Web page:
4. Dress to Express
Knowing how to stand out in your job interview is more than just what you say. You want to look good, and when you look good, you feel good.
While this does not mean to go full Craig Sager with a floral suit, you do want to stick out physically. Dress within the confines of professional attire, but have a look the hiring manager will remember.
Ultimately, remember that there are psychological values behind colors and patterns. Brighter colors like red and green exude confidence, while darker colors like black and grey show power and drama.
As stated, showing personality is pivotal. Your appearance for interviews is more than just looking well-put-together.
5. Ask Thoughtful Questions During the Interview
Remember that this is not an interrogation. Have unique questions ready for the interview and attempt to ask them throughout. Do not wait till the end of the interview.
While you do not want to take control of the interview and reverse roles, you want the process to come off as a conversation. A back-and-forth of questions between you and the interviewer can help ease you and show confidence.
Importantly, try to fit the questions in organically. Do not interrupt or talk over the hiring manager. Feel free to say, “Sorry to interrupt, but I have a question.” This will show them that you are polite and engaged, helping the interview continue to flow naturally.
Finally, remember your research. The questions should be distinctive and show your interest in the company.
6. Accept the Beverage
This is an odd one, but it’s useful.
If the interviewer asks you if you would like a glass of water (or any beverage), take it. Do not hesitate. This shows that you are relaxed and confident.
7. Don’t Be Afraid to Brag
Confidence is key. You need to express that you are sure of your abilities and proud of your accomplishments. The fact that you got to the interview shows that you have something they’re looking for, now you just need to show it.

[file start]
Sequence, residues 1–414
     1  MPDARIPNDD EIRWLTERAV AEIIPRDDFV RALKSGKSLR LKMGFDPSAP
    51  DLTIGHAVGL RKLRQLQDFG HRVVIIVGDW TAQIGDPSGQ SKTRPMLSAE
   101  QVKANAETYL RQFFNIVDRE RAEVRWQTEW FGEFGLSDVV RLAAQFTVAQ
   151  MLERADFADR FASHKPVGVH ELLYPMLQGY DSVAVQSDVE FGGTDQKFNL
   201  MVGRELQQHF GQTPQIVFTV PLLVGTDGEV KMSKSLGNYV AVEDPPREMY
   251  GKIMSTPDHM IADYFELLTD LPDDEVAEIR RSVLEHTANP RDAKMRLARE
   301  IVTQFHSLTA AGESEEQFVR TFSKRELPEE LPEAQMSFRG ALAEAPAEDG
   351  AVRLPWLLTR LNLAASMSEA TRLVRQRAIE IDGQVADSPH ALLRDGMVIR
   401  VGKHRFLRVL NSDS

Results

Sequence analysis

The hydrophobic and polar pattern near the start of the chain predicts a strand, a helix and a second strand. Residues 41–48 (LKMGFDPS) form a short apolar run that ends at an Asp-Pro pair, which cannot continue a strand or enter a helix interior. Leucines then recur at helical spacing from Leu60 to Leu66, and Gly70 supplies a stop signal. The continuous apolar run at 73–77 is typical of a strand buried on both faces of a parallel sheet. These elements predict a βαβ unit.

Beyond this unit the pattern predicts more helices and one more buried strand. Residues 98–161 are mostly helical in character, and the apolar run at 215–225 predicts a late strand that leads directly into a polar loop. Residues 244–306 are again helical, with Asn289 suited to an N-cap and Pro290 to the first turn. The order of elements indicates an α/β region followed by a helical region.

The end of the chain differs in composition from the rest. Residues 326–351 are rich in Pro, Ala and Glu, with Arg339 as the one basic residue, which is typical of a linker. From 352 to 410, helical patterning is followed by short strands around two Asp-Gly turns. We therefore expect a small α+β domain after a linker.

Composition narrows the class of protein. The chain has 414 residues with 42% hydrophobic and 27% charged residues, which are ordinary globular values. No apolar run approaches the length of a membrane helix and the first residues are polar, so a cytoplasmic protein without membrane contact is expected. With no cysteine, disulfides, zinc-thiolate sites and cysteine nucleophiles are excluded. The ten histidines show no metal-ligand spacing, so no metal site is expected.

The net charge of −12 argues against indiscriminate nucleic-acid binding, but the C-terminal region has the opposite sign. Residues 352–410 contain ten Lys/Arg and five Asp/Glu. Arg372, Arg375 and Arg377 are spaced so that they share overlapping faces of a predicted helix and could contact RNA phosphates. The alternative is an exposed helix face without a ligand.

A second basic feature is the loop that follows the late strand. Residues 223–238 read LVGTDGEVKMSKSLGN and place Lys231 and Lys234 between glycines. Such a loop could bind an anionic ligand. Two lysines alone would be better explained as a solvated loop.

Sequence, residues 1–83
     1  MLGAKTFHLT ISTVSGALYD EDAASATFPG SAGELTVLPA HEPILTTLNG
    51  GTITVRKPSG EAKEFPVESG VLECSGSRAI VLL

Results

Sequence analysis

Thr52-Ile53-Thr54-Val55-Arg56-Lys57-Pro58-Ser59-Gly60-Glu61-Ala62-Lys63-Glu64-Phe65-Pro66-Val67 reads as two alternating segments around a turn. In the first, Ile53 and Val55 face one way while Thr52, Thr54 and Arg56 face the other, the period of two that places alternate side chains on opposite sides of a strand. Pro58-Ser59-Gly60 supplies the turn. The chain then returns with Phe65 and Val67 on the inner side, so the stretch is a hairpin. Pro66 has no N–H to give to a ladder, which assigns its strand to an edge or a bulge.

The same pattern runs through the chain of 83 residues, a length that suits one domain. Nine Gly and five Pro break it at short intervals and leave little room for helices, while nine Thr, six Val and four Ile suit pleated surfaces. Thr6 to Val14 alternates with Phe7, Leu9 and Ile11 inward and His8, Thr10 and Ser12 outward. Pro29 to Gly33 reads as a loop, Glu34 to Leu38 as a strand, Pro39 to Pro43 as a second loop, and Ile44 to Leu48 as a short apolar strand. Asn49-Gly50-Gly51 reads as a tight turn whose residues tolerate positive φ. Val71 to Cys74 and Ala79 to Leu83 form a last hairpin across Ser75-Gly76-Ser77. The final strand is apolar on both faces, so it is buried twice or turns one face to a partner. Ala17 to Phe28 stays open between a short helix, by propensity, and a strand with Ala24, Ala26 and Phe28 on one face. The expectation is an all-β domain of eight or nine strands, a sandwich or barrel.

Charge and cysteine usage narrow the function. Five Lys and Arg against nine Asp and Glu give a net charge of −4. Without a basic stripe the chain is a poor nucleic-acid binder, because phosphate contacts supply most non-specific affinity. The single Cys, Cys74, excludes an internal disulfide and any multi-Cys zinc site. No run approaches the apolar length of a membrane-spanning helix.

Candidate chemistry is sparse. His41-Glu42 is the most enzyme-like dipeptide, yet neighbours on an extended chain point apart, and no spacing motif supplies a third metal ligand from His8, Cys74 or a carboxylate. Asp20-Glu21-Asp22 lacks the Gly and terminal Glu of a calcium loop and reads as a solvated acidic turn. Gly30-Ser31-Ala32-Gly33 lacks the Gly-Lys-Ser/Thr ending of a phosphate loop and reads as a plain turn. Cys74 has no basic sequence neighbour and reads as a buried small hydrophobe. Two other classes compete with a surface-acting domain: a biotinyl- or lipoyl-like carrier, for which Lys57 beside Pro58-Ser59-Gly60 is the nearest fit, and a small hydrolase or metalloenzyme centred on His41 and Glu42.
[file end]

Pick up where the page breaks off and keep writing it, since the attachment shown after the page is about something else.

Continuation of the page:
Therefore, do not be afraid to talk yourself up. Bravado is impressionable, and companies want to hire someone that does not second-guess their skills.
Let them know what you bring to the company and how you can improve what they’re doing. For example, if the job calls for IT but you have knowledge of sales, let them know how you can implement your outside skills.
If the employer asks you to rate yourself on a scale of one to ten, don’t be modest. Say you think you are a 10 because you’re willing to do whatever it takes to succeed.
Bonus: You can throw a bit of wit in with your confidence as well.
Things like this leave a lasting impression. Do not be too braggadocious, but be headstrong.
8. Eye Contact and Posture
More so than saying confident things, you want to express confident energy. Make sure to keep eye contact and good posture during the interview.
Do not cross your arms or seem bored. Keeping a straight back and eye contact will let the interviewer know you’re both engaged and excited.
If you’re particularly bad at eye contact, force your way through it. The interview will not last forever. The effort will pay off in the long run. You’ve got this!
9. End With a Call to Action
Much like a cover letter, ending your interview with a call to action is one of the best ways to stand out in your job interview.
Therefore, when the interview is over, and you are about to say your goodbyes, ask what the next step in the hiring process is or when you can plan to hear from them. This, like everything else on this list, shows confidence and seriousness in the job.
Knowing what the next steps are can also help with some post-interview anxiety. If the company says they will get back to you in a week, you do not have to fret every day that you don’t hear from them.
10. Follow Up After the Interview
Send an email or handwritten letter to the manager a few days after the interview. Let them know that you appreciate them taking the time to speak with you and that you are excited about the potential opportunity.
This action may seem overbearing, but it goes a long way. This shows respect and appreciation, things that reflect positively on your character.